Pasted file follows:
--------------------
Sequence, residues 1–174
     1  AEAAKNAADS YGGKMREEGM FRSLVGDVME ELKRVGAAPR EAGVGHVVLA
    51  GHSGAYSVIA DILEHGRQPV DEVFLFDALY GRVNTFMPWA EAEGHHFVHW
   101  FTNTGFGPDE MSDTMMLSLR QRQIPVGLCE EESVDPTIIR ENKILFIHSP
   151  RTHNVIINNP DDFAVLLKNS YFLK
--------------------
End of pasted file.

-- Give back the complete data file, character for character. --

Sequence, residues 1–174
     1  AEAAKNAADS YGGKMREEGM FRSLVGDVME ELKRVGAAPR EAGVGHVVLA
    51  GHSGAYSVIA DILEHGRQPV DEVFLFDALY GRVNTFMPWA EAEGHHFVHW
   101  FTNTGFGPDE MSDTMMLSLR QRQIPVGLCE EESVDPTIIR ENKILFIHSP
   151  RTHNVIINNP DDFAVLLKNS YFLK